You probably know the big story for the new Porsche Cayman is the switch from naturally-aspirated flat six power to a turbocharged boxer four – that and the addition of a '718' prefix to the Cayman name to remind downsize deniers that Porsche was winning races aplenty with four-bangers like the 718RSK long before the flat six had come on the scene.
Or maybe it's that a decade on from the Cayman's first appearance Porsche has dropped the pretence that the Boxster coupe is anything other than, well, a Boxster coupe. This time Porsche has given both cars identical power outputs and flipped the pricing hierarchy to make the Cayman (at $53,900 or $66,300 for the S versus $56,000 and $68,400 for the Boxsters) the cheaper of the two for the first time. Finally, logic prevails at Porsche.
But scratch all that: the really big story, and one you probably don't know, is that for the first time since Porsche started offering two power options on its mid-engined sub 911 sports cars, you might actually not feel shortchanged with the base machine.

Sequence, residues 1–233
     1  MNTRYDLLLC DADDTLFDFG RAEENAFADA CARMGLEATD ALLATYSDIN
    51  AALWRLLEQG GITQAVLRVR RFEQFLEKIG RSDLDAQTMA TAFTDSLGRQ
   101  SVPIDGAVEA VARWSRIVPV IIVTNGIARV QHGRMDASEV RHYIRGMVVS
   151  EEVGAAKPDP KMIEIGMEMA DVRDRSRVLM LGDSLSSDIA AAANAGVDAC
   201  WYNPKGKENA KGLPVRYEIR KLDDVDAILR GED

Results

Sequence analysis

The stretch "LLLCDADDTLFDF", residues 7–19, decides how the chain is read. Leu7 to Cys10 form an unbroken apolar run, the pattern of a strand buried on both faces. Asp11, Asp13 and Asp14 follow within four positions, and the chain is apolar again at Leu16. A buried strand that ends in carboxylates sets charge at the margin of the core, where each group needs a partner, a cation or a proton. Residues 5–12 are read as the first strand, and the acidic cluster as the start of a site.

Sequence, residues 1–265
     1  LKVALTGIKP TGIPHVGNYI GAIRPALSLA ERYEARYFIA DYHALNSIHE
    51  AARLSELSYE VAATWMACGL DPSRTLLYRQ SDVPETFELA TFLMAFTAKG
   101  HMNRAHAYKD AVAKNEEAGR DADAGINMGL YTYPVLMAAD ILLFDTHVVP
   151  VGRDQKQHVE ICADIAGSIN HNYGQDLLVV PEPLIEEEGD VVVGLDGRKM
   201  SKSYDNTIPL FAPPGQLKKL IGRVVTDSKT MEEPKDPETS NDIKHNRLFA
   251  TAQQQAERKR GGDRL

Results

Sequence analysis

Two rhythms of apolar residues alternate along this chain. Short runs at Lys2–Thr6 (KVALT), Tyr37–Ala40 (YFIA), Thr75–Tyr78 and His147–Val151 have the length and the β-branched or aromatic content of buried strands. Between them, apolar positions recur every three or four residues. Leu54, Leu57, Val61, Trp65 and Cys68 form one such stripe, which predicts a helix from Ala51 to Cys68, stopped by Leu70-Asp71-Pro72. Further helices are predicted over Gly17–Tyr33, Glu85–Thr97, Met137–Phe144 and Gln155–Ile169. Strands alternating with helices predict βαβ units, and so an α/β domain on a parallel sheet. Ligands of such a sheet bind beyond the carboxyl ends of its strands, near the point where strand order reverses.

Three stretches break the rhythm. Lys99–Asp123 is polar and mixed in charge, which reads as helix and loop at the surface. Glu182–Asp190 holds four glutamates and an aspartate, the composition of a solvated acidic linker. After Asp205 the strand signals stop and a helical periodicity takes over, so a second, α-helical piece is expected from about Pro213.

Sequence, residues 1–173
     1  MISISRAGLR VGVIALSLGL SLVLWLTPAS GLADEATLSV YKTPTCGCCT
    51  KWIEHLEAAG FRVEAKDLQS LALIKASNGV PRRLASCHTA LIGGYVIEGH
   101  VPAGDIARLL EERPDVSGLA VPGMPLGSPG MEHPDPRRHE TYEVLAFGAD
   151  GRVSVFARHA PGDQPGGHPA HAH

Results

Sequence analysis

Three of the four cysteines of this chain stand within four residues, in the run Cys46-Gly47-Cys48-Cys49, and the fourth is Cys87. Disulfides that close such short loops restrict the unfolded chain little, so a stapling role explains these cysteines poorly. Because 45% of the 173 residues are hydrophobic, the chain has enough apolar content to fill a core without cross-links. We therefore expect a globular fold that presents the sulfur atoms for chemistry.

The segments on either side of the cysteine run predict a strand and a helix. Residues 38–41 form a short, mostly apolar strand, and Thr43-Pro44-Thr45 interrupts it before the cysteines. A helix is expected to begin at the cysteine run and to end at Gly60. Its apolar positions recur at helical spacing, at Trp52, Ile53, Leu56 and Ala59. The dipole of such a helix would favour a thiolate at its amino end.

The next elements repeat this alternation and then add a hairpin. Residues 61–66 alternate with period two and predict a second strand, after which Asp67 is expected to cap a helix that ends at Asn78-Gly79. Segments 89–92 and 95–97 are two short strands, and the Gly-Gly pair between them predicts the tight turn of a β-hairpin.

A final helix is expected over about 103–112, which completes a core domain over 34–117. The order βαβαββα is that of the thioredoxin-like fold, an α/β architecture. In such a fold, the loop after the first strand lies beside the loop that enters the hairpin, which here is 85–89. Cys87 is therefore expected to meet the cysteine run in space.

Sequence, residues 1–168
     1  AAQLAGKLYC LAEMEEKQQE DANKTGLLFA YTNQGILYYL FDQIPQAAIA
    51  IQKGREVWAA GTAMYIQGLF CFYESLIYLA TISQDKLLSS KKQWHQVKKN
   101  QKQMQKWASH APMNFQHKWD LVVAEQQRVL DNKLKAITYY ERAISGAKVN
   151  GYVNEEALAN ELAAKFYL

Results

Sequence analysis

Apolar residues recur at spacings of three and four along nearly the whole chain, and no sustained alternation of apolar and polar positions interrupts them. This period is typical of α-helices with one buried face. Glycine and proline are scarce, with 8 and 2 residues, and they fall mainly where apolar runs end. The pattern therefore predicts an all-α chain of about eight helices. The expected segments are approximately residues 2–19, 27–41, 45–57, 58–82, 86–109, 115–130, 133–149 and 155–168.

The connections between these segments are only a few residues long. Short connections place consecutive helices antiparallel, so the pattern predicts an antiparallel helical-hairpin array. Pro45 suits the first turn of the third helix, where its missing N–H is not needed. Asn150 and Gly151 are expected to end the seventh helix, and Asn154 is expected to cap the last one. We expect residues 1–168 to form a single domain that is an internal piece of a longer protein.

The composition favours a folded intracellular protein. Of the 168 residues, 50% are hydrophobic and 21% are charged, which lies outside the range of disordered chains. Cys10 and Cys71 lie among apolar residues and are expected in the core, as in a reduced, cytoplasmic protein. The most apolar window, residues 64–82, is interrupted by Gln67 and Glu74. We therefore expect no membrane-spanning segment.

The entry-level Cayman 2.7 was a sweet enough car and traditionally outsells the S, but it's never had the muscle to challenge you or the chassis. Like making the pilgrimage to Oktoberfest then spending the night drinking pitchers of Budweiser, it was hard to ignore the fact that you could be enjoying something almost identical, but enjoying it a whole lot more for a few extra dollars.
But in swapping out the 2.7-liter six for a 300bhp/280lb ft 2.0 turbo four the basic Cayman gains 25bhp and – here's the transformative bit - a massive 67lb ft of torque. Zero to 60mph with the manual box now takes 4.9sec, ducking under five for the first time. Try the same in a PDK dual-clutch car with the Sport Chrono pack and you'll get there in 4.5sec, down 0.6sec.